The test maybe be biased, but I don't think it's designed to piss people off who don't know Linux. Yeah, I'm sure it will happen. If the 1st guy were more polite & forthcoming with why Win 7 wouldn't work, I think that goes just as far as completing the task. I would probably give him or her a chance then.

It is a test, I'm sure there's more to it than what's on the surface.

The test had nothing to do with hardware/software we vs them, the test was about the ability to adapt, Both the software and the hardware did well. Personally I would not suggest to hire someone with only one OS skill. Could be that if both Linux and Microsoft were gone (i doubt it), I would want the person who could adapt the best if something new did come along no matter what it is. Ironically, from what I have heard is that MS is going back to a real command line on the servers with gui also as a choice. They finally admit the gui servers are bloated.

You can use high end machines without using MS. It is a shame that most people do not know that. Never been a fan of any os that you have to pay for the sane thing all over again virtually once a year. I remember a version of windows 3.x that touted MS would support you forever and you would be free from upgrade costs., Like that happened.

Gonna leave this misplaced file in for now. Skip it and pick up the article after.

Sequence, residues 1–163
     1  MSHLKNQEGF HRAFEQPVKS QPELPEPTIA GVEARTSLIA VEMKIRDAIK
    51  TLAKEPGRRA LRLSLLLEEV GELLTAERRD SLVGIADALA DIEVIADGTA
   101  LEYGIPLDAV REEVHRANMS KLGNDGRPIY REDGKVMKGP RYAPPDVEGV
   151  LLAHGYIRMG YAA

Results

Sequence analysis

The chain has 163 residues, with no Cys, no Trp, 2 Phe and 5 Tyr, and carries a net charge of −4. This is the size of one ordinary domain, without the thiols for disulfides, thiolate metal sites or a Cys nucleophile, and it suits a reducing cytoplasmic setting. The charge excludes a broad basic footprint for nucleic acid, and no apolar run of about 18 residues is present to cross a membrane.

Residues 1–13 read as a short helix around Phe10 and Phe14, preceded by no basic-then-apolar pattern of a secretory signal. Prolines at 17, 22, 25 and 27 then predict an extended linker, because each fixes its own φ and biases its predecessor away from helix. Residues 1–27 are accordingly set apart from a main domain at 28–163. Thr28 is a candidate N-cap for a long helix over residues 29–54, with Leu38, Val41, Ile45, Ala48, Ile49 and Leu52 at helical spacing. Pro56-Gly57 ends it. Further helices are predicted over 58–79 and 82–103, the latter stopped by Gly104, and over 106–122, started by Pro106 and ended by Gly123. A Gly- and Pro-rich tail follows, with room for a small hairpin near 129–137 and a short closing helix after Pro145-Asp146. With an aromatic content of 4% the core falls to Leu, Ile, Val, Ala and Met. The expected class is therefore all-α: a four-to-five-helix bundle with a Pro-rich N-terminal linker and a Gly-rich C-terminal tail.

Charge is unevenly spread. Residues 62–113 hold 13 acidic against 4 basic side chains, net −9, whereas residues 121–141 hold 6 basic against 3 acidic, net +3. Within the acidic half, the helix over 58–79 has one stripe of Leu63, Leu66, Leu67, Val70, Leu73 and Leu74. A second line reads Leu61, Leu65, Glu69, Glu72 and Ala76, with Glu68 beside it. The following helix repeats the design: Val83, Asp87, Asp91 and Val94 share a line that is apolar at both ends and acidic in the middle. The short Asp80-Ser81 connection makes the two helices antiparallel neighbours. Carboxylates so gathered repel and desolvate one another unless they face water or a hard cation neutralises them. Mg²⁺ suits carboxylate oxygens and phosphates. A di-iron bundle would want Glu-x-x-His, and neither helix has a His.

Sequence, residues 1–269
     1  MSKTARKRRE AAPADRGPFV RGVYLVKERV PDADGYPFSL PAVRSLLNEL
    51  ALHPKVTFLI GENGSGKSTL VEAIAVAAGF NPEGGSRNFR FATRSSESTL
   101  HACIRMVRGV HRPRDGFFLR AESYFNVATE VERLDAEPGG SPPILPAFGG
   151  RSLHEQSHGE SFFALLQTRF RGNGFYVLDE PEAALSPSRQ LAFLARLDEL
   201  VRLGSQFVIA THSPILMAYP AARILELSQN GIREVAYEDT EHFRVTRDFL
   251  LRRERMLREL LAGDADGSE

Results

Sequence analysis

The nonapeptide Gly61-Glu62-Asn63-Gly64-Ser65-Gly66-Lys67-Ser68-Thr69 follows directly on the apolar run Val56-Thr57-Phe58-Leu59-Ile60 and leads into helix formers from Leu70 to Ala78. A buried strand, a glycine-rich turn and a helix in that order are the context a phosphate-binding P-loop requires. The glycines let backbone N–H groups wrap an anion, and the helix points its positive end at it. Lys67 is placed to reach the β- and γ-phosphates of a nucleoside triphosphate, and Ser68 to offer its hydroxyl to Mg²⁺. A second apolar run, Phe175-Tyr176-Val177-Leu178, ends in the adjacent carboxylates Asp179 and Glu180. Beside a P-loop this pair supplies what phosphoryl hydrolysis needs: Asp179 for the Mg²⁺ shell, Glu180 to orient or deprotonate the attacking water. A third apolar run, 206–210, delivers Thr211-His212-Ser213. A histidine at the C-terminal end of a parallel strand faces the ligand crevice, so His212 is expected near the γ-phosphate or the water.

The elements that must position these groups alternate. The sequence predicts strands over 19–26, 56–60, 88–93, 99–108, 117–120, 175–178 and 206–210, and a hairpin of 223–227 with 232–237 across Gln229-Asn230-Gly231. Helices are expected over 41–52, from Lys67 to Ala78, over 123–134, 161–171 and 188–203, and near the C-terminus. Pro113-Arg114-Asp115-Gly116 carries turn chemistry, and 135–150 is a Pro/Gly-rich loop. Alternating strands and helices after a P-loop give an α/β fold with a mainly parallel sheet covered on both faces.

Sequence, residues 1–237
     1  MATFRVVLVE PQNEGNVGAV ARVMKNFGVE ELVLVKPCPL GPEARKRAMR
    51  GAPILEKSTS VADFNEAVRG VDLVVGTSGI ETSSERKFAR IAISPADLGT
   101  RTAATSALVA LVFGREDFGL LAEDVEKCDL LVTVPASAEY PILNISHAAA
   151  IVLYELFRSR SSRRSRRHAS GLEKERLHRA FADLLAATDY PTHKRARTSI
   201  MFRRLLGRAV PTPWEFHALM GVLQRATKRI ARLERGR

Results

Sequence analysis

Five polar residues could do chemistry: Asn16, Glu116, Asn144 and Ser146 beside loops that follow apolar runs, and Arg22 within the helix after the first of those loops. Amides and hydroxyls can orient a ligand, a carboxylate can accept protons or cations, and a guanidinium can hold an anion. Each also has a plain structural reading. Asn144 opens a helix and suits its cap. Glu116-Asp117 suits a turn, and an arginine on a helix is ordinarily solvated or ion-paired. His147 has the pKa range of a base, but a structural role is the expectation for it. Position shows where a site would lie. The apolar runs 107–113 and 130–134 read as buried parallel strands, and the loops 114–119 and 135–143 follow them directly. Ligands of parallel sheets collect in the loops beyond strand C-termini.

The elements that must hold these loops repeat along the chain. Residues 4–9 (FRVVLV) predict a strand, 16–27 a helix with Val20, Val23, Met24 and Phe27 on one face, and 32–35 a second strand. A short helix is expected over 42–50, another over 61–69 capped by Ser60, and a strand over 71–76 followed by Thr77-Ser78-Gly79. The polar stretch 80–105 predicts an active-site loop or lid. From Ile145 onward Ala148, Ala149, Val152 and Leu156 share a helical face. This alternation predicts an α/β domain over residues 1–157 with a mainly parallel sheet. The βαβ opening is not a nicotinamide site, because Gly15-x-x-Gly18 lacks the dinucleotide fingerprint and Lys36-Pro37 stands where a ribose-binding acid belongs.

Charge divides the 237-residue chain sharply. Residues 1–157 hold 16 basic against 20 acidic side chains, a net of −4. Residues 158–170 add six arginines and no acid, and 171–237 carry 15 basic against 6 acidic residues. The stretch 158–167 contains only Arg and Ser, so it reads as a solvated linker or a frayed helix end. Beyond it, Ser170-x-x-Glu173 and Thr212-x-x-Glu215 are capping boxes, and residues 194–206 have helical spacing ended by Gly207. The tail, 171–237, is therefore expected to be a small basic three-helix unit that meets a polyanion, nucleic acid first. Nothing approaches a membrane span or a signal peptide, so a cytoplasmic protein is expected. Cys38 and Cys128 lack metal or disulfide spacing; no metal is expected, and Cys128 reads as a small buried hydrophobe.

I know someone with a masters degree in CS, but I would not let them work on my machine.I do applaud them for trying to learn how to use systems in the real world. Then again I know people with degrees in CS that could probably write software to get a rocket to the moon, but they did not have the first sense about how to do word processing or spreadsheets.

I have no use for MS only certified people. All they have done is memorize a book. We had one highly recommended ITT tech graduate come in. He was asked to point at at a ram chip. He pointed at the cpu. I have seen computer wizards that could hack anything, but to set up a working network was another issue. I have a college degree, but I came up through the school of hard knocks learning about computers. I think I can hold my own. Prefer people like me. They usually have a bit more common sense.

I have no use for MS only certified people. All they have done is memorize a book. We had one highly recommended ITT tech graduate come in. He was asked to point at at a tam chip. He pointed at the cpu.
So, all those brilliant Linux people out there ... where did they get their knowledge? Memorise a man file? Ask a forum? Learning is learning. I think you might be confusing acquisition of knowledge with application of knowledge ... and I have met just as many clueless people spouting off on the benefits of open source software.